Year-end report card on ASI

Jason Okamoto

A report card for 2002-03 edition of Associated Students, Inc. campus-wide executives:

President Eric Guerra:

From the outside, it appears that Guerra hasn?t done much for Sacramento State. But after taking a closer look he proves to be the best president that Sacramento State has had in the last three years.

He has fought for the students. He pushed legislation that made Parking Structure II a student-only facility, after it was slated to be 30 percent faculty parking, 70 percent student.

Guerra established the Office of Governmental Affairs, which lobbies Capitol legislators. He has developed an on campus-housing plan that could take off in the future, and could provide a Greek Row, increasing student activity and jobs on campus.

“In my time here, I haven?t built a clock tower or a flagpole, but I have earned the respect from the Associated Students, to the administration and to the state legislature,” Guerra said.

Guerra has been known for working late hours, occasionally even sleeping in his office.

The effect of his administration will be felt after he is gone. Future presidents should aspire to serve a term like Guerra?s. Grade: A

Executive Vice President Luke Wood:

Wood?s has built a reputation as a defender of student equality and access. He is truly the board?s minority voice. He is not afraid to challenge his ASI colleagues.

He created the position of the Equity Relations Officer, occupied by Robert Cabiness.

Most recently, he used his office to highlight what he perceived as an unjust ASI denial of funds to Cooper Woodson, a club that serves the academic needs of black students. He should be commended for his passion, but sometimes it blinds him to the bigger picture. Next year, when he becomes Vice President of Finance (technically, a lower position), there will be bigger fish to fry. Grade: B ?

Vice President of Finance, Peter Ucovich:

Ucovich is widely known for his communication skills.

Ucovich tended a budget consisting of $8.5 million. He has been known for staying on the ball, providing detailed comprehensive reports every week, even when its not required.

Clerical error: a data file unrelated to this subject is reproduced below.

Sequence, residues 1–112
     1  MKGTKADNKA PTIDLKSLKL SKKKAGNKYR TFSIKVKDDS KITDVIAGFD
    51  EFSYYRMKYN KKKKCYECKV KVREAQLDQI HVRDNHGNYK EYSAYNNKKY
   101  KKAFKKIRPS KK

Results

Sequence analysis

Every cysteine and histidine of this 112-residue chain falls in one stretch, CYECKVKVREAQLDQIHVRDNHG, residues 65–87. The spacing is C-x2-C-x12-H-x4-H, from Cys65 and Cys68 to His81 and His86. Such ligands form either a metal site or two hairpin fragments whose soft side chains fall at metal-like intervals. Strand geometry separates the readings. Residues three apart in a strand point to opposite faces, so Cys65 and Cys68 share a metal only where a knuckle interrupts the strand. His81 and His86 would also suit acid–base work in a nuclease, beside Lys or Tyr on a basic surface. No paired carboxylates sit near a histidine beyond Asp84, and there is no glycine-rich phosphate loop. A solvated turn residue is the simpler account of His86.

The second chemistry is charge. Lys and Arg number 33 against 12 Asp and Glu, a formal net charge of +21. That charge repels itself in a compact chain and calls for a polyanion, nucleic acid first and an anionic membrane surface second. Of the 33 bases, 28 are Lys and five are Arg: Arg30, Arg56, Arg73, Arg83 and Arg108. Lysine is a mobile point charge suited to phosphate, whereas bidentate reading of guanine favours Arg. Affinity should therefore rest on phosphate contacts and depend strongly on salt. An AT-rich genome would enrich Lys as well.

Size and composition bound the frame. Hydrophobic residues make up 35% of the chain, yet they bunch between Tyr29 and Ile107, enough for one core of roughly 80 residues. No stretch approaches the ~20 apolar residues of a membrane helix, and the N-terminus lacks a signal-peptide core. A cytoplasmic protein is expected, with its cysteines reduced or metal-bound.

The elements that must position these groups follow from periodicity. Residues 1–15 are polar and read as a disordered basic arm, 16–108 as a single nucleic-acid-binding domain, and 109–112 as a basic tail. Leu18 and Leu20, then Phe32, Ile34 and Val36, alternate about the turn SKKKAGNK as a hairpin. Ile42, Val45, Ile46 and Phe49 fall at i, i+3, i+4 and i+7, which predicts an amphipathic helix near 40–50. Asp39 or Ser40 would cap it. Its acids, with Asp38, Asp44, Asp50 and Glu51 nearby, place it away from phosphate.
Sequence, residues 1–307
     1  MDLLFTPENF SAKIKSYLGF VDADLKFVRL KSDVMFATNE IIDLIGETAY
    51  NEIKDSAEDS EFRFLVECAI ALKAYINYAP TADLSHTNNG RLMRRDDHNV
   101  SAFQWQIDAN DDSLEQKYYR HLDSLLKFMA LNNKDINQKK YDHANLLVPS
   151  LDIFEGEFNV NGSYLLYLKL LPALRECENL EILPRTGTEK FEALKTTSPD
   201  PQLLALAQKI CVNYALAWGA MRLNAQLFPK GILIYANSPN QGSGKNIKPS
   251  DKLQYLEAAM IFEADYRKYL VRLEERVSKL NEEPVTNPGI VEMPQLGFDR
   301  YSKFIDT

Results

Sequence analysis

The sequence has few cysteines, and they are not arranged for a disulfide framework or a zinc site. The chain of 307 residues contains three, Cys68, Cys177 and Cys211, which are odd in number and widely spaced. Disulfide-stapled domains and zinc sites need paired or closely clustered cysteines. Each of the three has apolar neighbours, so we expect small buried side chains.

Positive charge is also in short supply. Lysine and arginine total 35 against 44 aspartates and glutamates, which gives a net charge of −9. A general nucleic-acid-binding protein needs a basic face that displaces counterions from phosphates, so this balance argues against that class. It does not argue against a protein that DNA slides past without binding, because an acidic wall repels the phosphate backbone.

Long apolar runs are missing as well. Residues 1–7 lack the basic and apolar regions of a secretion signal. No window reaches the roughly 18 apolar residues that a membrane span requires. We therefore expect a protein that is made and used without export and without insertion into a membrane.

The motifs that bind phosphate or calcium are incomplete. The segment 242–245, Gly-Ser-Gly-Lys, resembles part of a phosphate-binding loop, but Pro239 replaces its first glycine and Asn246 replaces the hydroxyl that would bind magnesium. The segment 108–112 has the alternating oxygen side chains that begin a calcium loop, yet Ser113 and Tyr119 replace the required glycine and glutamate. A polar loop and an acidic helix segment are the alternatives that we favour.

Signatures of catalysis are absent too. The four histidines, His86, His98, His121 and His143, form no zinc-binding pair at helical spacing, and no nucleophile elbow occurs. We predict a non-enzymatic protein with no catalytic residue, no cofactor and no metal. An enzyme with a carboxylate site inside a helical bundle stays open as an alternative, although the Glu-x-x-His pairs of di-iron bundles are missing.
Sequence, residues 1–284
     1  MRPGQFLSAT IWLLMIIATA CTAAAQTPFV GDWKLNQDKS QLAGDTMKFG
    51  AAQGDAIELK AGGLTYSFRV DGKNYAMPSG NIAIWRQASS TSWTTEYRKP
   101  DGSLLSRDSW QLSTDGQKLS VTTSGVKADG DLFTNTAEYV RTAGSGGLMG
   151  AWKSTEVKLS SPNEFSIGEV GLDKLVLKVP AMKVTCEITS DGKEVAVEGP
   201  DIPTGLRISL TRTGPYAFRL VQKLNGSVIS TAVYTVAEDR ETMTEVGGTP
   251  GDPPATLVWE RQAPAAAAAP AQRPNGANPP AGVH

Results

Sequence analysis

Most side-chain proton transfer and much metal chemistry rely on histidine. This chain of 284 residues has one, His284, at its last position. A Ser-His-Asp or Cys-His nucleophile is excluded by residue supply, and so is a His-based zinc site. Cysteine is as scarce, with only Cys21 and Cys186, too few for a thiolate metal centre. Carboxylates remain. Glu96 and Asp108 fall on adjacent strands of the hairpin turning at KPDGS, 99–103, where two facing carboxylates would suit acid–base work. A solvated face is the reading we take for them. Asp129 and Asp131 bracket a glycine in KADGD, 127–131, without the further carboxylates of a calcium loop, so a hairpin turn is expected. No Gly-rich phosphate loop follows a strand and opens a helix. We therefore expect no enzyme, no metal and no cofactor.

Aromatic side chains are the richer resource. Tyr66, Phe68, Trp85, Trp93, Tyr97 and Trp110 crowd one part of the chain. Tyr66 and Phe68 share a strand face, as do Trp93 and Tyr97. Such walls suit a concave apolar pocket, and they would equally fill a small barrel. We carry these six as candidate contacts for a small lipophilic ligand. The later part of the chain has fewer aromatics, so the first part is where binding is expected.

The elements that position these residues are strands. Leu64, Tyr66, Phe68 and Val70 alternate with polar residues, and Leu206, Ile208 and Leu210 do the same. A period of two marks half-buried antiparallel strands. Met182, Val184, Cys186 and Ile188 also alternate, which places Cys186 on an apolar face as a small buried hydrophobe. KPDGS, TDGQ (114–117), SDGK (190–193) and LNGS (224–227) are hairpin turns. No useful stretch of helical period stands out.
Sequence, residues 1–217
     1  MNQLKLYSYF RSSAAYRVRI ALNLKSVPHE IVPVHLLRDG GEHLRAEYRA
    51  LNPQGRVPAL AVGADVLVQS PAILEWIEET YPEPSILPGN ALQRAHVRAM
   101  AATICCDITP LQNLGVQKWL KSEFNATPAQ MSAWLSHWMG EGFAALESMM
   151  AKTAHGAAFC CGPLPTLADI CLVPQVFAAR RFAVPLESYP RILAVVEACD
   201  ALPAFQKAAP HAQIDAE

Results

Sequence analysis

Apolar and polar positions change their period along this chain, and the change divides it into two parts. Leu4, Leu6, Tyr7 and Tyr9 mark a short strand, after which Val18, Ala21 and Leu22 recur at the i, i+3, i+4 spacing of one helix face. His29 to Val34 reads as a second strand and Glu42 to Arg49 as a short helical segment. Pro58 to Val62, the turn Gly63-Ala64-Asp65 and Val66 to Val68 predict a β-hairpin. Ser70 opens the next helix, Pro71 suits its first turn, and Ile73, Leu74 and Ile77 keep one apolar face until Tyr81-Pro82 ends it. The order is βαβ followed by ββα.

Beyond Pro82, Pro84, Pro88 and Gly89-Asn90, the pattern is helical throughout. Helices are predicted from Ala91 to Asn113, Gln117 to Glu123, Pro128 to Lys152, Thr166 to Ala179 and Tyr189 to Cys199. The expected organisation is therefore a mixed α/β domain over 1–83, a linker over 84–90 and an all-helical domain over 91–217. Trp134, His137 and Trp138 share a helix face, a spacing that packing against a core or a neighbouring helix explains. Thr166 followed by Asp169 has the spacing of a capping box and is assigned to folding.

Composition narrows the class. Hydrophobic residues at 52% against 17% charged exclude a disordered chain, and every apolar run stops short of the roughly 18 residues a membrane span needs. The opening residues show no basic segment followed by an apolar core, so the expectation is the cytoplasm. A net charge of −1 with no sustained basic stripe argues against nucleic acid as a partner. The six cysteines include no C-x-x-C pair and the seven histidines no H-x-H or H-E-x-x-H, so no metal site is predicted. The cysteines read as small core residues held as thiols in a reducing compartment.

Unfortunately, one can only create so much new legislation from the Finance office. Most of his Ucovich?s personal legislation has been ineffective this year (Book exchange, KSSU upgrade). This should change when next year when he takes over as President.

His display of spirit and advocacy for AB 550, a bill that would allow students to regulate fee increases, has been very public to say the least. Before he won the presidency he attended nearly every rally to oppose the measure, however, at a 550 rally the day after elections, his suit and smile were nowhere to be seen.Grade: B-

Vice President of University Affairs, Zach Donahue:

At the beginning of the semester Donahue took over as VPUA, previously occupied by Crystal Chase. There is not enough information for grading. Grade: Incomplete.

Other grades:

The Board: Most members kept good office hours and attended board meetings. Members seemed educated about legislation, however (with the exception of Muhammad Hamada) suffered from tight lips. Grade B +

Student advocacy: Stop the fee hikes rallies at the Capitol and CSU Long Beach were high points in the year. Grade: A.

Effectiveness: The board lost a lot of valuable time to political infighting, especially between Guerra, Hamada, Wood and Ucovich that could have been used more productively. Grade: C

Legislation: Spent the year passing meaningless and over-reaching resolutions about things like racial profiling and opposition to U.S. military action in Iraq. Grade: D+

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